I have lots and lots of creative ideas, but usually little time, or not the right skill set, to fulfil them. Starting, and (even more so) completing, a project is often but a pipe dream, as can probably be evidenced by this blog. Last year however I set myself the project of taking a photo every day. This was in part inspired by the wonderful set of polaroids by Jamie Livingstone as discussed here. He took a polaroid photo every day for eighteen years (starting in 1979) until he sadly passed away. His friend Hugh Crawford has curated the photos into a website and a book and his site talks more about Jamie.
This is an extraordinary set of photos and I was in no way hoping to emulate them, but the idea of a snapshot of each (and every) day really appealed. I started on 1st Jan 2018 but for a long time didn’t tell anyone what I was doing apart from my partner @TallulahBass ; it was a ‘soft launch’ so to speak, partly because it would save face if I gave up after a couple of weeks, and partly because I saw no need to tell anyone, I was doing this for me.
I set myself a few rules.
- The photo had to be taken by me – seems obvious, but I wanted to rule out pictures of me, or just taking an image by a friend. Sometimes I have had to borrow a friend’s device in order to take the photo, but they are all by me.
- They should be taken on that day. Well, I may have had to stretch the rules a little on that one. For example, there are a couple that were taken after midnight, but before I went to bed.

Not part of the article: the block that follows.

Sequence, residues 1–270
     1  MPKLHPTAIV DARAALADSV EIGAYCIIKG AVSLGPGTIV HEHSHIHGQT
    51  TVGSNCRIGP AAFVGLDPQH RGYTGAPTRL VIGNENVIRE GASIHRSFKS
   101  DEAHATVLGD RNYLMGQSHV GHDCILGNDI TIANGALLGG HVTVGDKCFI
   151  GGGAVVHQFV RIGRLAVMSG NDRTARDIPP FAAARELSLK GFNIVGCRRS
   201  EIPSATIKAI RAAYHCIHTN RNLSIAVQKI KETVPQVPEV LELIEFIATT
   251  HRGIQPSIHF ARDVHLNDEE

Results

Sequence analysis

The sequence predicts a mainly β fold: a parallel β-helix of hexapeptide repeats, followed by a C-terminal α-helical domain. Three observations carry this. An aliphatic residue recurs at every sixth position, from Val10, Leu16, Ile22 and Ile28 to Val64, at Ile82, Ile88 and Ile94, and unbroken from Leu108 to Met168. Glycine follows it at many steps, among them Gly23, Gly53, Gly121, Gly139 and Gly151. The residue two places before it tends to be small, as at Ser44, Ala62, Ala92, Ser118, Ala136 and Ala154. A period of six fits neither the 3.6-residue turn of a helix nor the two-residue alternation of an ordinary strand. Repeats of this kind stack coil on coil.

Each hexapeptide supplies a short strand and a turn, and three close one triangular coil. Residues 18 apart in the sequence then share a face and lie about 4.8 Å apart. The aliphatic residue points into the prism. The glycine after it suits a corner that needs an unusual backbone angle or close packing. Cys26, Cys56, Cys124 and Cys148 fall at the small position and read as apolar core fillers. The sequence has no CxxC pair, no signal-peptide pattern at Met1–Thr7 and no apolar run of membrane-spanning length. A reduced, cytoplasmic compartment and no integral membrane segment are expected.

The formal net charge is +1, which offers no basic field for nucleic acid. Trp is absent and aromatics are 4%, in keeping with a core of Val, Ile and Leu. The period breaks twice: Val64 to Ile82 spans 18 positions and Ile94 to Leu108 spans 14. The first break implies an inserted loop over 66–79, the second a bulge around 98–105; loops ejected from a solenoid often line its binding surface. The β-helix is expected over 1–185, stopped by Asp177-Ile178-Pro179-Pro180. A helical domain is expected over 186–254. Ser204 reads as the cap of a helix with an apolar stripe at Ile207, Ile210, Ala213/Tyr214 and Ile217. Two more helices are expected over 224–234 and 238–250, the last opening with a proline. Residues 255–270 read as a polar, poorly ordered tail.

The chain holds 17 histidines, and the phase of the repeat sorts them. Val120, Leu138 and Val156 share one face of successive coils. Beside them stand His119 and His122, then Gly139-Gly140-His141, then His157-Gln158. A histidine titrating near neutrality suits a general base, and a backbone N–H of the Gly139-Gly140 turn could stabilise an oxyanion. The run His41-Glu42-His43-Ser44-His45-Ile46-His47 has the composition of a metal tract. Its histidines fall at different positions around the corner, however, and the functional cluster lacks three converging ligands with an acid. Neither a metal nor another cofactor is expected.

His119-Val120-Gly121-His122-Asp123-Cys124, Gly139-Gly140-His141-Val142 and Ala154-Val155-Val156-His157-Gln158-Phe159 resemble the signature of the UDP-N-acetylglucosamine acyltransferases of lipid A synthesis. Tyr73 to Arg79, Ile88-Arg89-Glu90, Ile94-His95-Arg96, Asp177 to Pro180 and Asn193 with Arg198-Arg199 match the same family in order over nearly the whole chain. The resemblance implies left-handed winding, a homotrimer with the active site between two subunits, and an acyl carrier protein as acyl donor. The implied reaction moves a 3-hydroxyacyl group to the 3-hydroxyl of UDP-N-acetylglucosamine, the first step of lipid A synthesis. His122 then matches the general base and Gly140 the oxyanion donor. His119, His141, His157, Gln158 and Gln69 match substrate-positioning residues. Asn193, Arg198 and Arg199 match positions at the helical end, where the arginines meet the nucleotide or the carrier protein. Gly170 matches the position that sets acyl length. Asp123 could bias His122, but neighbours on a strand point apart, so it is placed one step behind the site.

- I wanted to post them on the day (on Instagram and Facebook)- but this has often proved impossible, for example when on holiday without wifi, so I settled for as soon as possible.
I don’t have a polaroid camera (I believe there are modern versions available now), but I also don’t have a smart phone. These days most people are permanently connected to their phones, and photos of daily life are ubiquitous. They are immediate and transient and in a digital age are taken without care. I come from the age of ‘film’ when you were aware that you only had 24 or 36 shots available on the film in your camera. So, taking a daily photo without a smart phone gave me limitations. I primarily used my ipad (which I don’t routinely carry around with me), or one of my digital cameras (usually if I was on holiday). This meant a limitation, and what I have come to realise as, a domestication of my images. Many have been taken at home, in the garden, or at the homes of my friends. There are exceptions of evenings/days out and holidays of course – but part of what I wanted to demonstrate was that most of us aren’t spending our lives living the high life, or permanently on holiday. A great deal of our time is taken up by going to work, and then coming home; not particularly exciting – but just as valid as a life lived. Also, if one if lucky enough to have such a home it should be cherished.
In January I was debating whether to continue the project, partly worried that with such domestication of my images that I would end up repeating myself. However, upon creating a printed book version of the 2018 photos I was delighted at being able to look through that year, and several images managed to evoke and remind me of days and events that I had partially forgotten. Although I wasn’t quite happy at the format in which I’d had them printed, so will need to investigate alternatives before the end of the year.
And so the project continues…